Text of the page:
For someone who has been pursuing a musical activity since childhood…

For someone who has been striving to achieve a level of artistic and technical excellence in the process of music-making...

 For someone who has gone to school and obtained multiple degrees in this field...

...sitting down at the end of the day and just practicing isn’t enough.

One of my clients was frustrated by the thought of not being active enough in her musical endeavors. She was busy with her music teaching business and taking care of her family, and had no time to practice. Even though she had the intention of doing it, she would not let herself get to that during her busy day.  

I encouraged her to incorporate her performance skills back into her teachings and business development strategies.

So, we found a way to build her piano playing into her pedagogical framework and brand building strategies for her business.

She was so excited and said she started practicing like she hadn’t in years.

One of the greatest benefits of doing this is that the momentum she gained from her reinvigorated musical practice actually helped her gain more confidence and ideas in her business.

After practicing for two hours one morning, she felt ready to face a challenging client. She was able to have a meaningful conversation and felt empowered to reinforce her policies and set boundaries in her work.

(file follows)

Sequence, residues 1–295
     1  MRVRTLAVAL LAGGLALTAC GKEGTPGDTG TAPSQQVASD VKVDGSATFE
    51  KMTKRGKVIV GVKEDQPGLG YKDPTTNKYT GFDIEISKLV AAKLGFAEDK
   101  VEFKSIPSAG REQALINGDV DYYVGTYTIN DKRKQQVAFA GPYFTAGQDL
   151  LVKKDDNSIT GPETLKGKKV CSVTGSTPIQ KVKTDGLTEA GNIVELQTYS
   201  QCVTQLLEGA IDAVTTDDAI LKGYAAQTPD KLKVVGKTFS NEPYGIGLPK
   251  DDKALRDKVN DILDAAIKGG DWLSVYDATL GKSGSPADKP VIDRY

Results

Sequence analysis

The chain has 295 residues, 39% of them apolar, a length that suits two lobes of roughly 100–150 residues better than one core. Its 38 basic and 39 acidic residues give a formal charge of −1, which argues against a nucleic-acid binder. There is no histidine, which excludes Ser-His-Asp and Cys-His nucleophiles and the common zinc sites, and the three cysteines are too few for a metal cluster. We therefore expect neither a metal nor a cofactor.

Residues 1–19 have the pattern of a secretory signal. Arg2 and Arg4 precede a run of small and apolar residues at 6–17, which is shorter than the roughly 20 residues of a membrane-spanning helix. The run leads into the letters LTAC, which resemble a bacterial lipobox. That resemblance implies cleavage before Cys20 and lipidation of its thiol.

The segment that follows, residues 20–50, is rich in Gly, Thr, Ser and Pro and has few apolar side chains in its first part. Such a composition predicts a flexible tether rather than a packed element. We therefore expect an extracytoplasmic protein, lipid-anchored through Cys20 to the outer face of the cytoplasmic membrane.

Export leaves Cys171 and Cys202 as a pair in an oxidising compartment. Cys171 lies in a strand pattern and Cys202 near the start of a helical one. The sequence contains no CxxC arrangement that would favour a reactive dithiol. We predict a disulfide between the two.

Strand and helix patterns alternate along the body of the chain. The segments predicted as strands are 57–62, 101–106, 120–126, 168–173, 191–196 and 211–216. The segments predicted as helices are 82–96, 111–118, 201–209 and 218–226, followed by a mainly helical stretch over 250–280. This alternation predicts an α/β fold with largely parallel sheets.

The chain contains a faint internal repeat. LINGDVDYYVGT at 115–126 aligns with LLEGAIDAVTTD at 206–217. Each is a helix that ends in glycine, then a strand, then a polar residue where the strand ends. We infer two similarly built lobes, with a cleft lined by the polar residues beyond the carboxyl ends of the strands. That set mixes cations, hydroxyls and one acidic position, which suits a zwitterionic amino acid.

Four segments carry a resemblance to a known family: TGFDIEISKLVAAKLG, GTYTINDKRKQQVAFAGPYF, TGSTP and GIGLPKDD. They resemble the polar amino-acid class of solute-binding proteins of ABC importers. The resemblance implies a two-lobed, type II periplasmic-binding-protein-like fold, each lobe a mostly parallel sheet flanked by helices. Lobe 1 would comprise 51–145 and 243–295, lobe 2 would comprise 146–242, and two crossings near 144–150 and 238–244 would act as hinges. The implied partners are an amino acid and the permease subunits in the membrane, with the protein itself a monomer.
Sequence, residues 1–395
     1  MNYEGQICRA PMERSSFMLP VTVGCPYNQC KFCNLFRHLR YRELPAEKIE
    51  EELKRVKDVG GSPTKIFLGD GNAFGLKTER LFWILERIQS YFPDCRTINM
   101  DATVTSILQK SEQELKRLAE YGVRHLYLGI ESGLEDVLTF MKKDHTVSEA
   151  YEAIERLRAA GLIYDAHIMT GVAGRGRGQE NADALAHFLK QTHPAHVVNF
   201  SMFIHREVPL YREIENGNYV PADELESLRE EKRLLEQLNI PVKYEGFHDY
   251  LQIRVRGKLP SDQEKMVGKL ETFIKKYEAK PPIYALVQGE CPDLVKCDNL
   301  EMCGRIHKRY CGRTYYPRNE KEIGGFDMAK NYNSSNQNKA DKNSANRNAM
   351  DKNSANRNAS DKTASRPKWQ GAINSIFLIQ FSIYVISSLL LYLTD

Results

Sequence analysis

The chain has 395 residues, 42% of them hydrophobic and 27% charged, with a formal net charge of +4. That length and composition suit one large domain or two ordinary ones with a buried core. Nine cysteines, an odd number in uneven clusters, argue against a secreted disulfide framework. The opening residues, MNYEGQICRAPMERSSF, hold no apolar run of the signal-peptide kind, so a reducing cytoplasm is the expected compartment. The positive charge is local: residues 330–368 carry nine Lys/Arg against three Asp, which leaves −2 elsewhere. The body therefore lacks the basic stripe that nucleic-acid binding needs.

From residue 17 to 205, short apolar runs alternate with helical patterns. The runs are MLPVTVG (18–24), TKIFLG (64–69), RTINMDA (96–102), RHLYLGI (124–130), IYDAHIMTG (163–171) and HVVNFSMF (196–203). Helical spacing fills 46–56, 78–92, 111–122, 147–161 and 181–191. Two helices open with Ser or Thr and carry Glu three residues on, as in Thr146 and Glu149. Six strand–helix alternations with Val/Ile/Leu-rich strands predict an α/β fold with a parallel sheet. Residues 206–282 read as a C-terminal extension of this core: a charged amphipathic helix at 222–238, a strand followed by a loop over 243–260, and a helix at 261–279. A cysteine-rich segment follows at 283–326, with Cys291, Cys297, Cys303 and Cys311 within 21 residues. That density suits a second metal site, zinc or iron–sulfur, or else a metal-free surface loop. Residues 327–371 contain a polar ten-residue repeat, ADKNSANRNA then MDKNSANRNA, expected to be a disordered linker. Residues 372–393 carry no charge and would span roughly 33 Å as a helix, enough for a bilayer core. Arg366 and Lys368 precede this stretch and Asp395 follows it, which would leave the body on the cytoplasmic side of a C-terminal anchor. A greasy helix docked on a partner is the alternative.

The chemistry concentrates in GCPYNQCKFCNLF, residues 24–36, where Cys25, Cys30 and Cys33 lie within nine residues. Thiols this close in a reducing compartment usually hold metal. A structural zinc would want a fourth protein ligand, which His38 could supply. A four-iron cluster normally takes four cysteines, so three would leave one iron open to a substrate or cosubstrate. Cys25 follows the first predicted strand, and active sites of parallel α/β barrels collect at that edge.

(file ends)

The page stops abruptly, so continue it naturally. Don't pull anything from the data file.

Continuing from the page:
In our Friday Wins celebration post inside my coaching group, another client wrote:

“I've played and practiced piano and violin more in the last week than I have in the last six months and it feels like I'm beginning to breathe again.”

Another client became emotional in the middle of our session when she realized how much she had missed playing her instrument and was ecstatic at the thought of having a business-related reason to start practicing again.

She realized that she could both fulfill her artistic dreams while also enhancing her brand development and messaging content.

During our session, both she and I ended up in tears since I could so deeply connect to what she was experiencing.  

If you are a musician and music educator, you can TRANSFER YOUR CONFIDENCE into your business.

How do you build that part INTO the business? It goes beyond just taking time for yourself. You’re not just doing it because you know it’s something you should or like to do.

Practicing and sharing your artistic projects can become part of your JOB.

It is possible to weave these together and to have the music-making piece embedded in it.

Tomorrow I’ll share more details about how this can be done.